Risk Factors Associated With Trajectory Group Membership

In univariable analyses, both child age (age, 5–12 yr; ES, 0.14; p = 0.024) and child race/ethnicity (non-white/Hispanic; ES, –0.12; p = 0.008) were significantly associated with BSI group 2 membership (high-risk BSI group) (Table 4). Specifically, caregivers of patients in middle childhood (age, 5–12 yr) had an estimated 0.14 increase in probability of high-risk group membership compared with caregivers of children in other age groups. Caregivers of patients who were non-white/Hispanic had an estimated 0.12 decrease in probability of high-risk group membership compared with caregivers of children who were white and non-Hispanic. In the final multivariate model that included both child age and race/ethnicity, only race/ethnicity continued to be a significant predictor of group membership (non-white/Hispanic; ES, –0.12; p = 0.01). There were no significant correlates of membership in FAD group 4 (high-risk FAD group) in univariable analyses and none met model entry criteria (sex, p = 0.299). Multivariable analyses were, therefore, not conducted.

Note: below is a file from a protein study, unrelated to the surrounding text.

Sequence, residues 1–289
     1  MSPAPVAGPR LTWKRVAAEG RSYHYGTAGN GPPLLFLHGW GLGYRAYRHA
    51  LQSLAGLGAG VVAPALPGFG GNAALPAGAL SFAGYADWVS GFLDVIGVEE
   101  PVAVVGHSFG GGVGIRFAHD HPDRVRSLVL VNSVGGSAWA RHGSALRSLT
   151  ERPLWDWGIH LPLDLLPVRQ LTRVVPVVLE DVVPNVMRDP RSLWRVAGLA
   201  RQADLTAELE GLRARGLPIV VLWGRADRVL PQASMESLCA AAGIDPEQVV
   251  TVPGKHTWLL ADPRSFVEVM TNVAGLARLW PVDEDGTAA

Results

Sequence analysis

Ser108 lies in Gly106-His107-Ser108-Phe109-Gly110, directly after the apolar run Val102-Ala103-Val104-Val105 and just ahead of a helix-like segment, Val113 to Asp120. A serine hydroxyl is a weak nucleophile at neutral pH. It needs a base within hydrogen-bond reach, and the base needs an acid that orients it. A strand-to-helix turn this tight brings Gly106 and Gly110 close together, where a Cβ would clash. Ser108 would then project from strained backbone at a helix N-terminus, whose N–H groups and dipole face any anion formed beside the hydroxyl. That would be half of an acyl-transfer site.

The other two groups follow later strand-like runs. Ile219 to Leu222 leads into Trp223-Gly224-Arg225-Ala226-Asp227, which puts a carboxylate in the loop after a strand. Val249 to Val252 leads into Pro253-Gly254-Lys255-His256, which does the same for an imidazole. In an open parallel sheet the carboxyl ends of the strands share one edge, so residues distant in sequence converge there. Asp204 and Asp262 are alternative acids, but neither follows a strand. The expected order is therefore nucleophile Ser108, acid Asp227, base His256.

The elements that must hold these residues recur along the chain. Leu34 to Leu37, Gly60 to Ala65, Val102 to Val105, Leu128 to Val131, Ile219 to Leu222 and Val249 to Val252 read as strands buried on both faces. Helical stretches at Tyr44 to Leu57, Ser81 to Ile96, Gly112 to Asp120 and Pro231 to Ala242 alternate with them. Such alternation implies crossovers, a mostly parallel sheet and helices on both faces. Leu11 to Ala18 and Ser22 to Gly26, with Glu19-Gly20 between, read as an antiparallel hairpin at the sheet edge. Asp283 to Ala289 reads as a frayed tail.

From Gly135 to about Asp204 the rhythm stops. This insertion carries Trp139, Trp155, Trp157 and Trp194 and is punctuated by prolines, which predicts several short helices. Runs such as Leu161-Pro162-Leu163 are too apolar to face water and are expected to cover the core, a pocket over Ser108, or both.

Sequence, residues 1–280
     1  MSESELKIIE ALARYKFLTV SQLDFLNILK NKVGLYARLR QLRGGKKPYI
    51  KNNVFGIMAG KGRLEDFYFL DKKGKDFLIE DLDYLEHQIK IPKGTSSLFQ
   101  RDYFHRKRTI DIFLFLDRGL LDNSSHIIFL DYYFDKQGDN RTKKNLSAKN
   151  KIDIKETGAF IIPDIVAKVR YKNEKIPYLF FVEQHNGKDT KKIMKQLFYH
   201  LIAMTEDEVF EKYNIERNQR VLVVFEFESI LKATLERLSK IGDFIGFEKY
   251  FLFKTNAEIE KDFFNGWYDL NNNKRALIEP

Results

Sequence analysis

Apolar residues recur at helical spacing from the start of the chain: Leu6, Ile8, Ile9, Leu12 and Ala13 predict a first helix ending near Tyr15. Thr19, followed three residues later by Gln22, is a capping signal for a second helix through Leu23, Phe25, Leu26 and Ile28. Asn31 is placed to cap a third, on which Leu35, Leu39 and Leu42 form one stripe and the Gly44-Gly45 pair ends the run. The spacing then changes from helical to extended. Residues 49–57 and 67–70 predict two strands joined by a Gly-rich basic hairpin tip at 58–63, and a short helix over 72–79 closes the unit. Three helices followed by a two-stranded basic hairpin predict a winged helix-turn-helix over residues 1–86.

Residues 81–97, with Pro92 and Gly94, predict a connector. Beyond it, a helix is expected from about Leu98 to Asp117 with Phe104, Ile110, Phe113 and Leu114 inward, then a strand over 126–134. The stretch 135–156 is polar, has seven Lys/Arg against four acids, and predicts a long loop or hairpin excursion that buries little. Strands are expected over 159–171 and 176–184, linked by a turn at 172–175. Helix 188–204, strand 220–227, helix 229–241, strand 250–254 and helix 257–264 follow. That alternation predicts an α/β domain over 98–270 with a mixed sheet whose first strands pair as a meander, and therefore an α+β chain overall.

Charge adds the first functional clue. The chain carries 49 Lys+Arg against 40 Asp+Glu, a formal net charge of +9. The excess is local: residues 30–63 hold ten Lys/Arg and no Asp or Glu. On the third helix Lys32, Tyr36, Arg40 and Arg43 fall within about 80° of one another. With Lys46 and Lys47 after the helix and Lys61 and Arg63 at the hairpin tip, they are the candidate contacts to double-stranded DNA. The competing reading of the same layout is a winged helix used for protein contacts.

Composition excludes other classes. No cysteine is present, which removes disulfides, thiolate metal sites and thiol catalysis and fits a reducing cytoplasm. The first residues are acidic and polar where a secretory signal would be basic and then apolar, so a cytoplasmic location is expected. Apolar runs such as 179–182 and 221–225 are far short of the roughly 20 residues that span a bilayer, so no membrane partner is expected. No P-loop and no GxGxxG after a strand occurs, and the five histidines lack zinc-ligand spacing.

Table 4.
Table 4.:
Univariable Models Predicting Membership in High-Risk Groups

DISCUSSION

International Guidelines for Management of Sepsis and Septic Shock identify the promotion of family-centered care as a priority (8), and systematic reviews of psychosocial outcomes after pediatric critical illness have called for longitudinal studies of family functioning (9–12). To our knowledge, this is the first study to examine the course and factors associated with caregiver and family functioning after PICU admission for community-acquired septic shock. Families of survivors were followed prospectively for 1 year. Although the majority of families demonstrated resilient trajectories after septic shock, as hypothesized, a subset of families demonstrated trajectories of persistently elevated distress and family dysfunction. Fully, 25.7% had moderate-high levels of distress at baseline that remained stable across 12 months, 32.3% had deteriorating family function over the 12 months, and 15.3% had persistently high family dysfunction throughout the 12 months.